U.N. Halts Observer Mission In Syria Due To Escalating Violence
General Major Robert Mood, the chief of the U.N. observer mission in Syria, announced Saturday that the mission will be suspended.
The 300 U.N. observers present in Syria will remain in their locations, but they will not be carrying out their task of monitoring the ceasefire and supporting the implementation of the six-point peace plan drafted by the U.N.’s envoy to the Arab League, Kofi Annan.
The peace plan calls for cessation of all violence, allowing humanitarian agencies access to conflict zones, permitting international media representatives unrestricted access to the country, and the prioritization of political dialogue between the government and the opposition.
The peace plan, previously accepted by both parties in the conflict, and its accompanying ceasefire, have been pushed aside while violence has escalated over the last 2 weeks. This escalation has brought increased risk to the U.N. team.
General Mood stated, “U.N. observers will not be conducting patrols and will stay in their locations until further notice.” He continued: “The escalating violence is limiting our ability to observe, verify, report as well as assist in local dialogue and stability projects.”
According to the Los Angeles Times,
“the unarmed mission, begun six weeks ago, has had several close calls, including a number of incidents in which observer vehicles were shot at. At least two roadside bombs have also exploded near observer vehicles, the U.N. said. The U.N. has reported no injuries to its staffers.”
General Mood, elaborating on the reason for the cessation of the mission, said:
“Violence, over the past 10 days, has been intensifying, again willingly by the both parties, with losses on both sides and significant risks to our observers. The Syrian populations, civilians, are suffering and in some locations, civilians have been trapped by ongoing operations.”
The suspension of the mission will be reviewed on a daily basis, and according to the general, “operations will resume when we see the situation is fit for us to carry out our mandated activities."
Meanwhile, according to U.N. estimates, more than 10,000 people, most of them civilians, have been killed in Syria since the uprising against President Bashar al-Assad began last year.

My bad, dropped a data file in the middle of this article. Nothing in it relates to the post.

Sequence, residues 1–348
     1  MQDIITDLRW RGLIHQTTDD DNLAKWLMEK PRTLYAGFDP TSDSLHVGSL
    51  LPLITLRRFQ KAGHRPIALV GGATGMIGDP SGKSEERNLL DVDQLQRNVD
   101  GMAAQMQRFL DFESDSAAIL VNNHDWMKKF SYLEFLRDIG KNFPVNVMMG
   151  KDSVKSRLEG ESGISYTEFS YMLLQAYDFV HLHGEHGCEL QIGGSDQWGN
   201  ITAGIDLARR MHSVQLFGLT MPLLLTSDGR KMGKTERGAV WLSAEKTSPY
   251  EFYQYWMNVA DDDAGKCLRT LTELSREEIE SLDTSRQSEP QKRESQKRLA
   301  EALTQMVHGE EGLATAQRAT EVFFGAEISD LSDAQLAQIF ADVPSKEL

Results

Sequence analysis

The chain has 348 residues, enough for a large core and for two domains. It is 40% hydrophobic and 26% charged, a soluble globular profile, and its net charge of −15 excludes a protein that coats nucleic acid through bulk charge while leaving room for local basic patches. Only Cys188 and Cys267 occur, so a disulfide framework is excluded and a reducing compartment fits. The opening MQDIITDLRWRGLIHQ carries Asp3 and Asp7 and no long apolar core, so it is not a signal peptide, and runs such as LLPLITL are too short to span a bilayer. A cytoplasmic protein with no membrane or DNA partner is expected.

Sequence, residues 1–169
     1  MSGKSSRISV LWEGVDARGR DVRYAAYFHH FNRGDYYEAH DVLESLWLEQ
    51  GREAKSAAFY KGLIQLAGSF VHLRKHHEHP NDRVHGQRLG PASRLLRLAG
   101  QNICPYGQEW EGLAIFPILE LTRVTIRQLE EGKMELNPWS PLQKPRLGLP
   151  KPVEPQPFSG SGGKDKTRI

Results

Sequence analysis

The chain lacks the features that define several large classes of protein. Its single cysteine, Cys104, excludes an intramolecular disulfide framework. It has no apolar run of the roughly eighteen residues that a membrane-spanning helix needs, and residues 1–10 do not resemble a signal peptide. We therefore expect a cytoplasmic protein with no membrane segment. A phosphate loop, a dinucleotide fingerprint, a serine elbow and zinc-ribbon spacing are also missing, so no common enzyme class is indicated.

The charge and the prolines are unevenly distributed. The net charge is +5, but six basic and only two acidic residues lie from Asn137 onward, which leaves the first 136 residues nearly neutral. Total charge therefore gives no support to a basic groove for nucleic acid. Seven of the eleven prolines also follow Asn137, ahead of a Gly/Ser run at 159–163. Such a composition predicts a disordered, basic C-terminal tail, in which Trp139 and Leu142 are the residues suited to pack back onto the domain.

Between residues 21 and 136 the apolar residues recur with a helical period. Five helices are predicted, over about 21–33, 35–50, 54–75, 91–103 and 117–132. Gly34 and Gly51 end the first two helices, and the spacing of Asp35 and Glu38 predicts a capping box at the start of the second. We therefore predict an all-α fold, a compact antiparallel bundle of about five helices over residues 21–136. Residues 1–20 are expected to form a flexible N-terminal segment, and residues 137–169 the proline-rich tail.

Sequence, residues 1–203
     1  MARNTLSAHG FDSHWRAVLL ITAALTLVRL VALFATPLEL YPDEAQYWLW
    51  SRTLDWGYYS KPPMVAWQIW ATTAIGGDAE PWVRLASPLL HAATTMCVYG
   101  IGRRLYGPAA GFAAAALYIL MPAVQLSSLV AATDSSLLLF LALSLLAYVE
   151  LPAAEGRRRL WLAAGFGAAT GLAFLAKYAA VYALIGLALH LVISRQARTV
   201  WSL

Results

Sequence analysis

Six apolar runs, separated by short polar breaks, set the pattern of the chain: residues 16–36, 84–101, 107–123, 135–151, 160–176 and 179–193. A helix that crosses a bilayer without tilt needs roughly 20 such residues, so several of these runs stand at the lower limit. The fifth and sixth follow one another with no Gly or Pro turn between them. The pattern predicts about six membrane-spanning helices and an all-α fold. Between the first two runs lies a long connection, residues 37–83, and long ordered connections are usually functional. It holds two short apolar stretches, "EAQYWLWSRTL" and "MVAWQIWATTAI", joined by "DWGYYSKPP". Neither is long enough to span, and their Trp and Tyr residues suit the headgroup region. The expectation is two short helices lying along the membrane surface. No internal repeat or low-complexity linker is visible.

Sixty-three people were killed in Syria on Saturday alone. A militia loyal to Assad executed 20 of them in public in Damascus, Business Week reports.
According to the New York Times, 22 civilians were killed Saturday in shelling near Damascus, adding to the death toll of 38 who were killed on Friday.
“Opposition activists monitoring flash points around the country, including Homs, Aleppo and its surrounding province and the southern province of Dara’a, reported continued shelling of civilian neighborhoods by government forces, as large antigovernment demonstrations were held.”
Human rights groups called on U.N. secretary general Ban Ki-moon Saturday “to ‘immediately, and personally, intervene’ to aid civilians in the city of Homs. The group said more than 1,000 families remained stranded in the area, under a constant threat of shelling, and needed to be evacuated immediately,” the New York Times reports.
Upon the U.N.’s announcement that it would be suspending its observer mission, Syrian opposition groups reacted with little surprise. According to Al Jazeera:
“Al Jazeera’s Anita McNaught, reporting from the Turkish capital Istanbul, where Syrian opposition groups were meeting on Saturday, said the reaction to the move by the UN mission was ‘a lack of surprise on the whole.'
“‘One delegate said to me [the monitors] were there to observe and, from where they sat, the regime had done everything to obstruct the mission to go in and actually view things,’ McNaught said.
“‘So in a sense they weren't being able to do the full job they were sent in to do so what was the point of them being there anymore?’"
A member of the Syrian Nation Council, Bassam Imadi, remarked that not only was he not surprised about the suspension, but also that acknowledgment of the failure of the mission was long overdue.
Others, such as the Political Chief of the Syrian Nation Council, Burhan Ghalioun, still have hope for the mission and the peace plan:
“I don't quite think that this plan is completely dead. I think there is the possibility of saving it by bringing UN Security Council to vote on a resolution invoking chapter 7 requesting a mandate under the threat of force…This could play a role in convincing the Syrian regime to fulfill and respect its commitments.”
But the Syrian regime continues to deny its role in the escalation of violence. The Syrian Arab News Agency (SANA), according to the New York Times, reported Saturday “that the Syrian Foreign Ministry understood the decision to suspend the mission, adding that ‘armed terrorist groups’ – the standard government label for any opposition – had escalated attacks since the United Nations plan was signed.”
See more of Neon Tommy’s coverage on Syria here.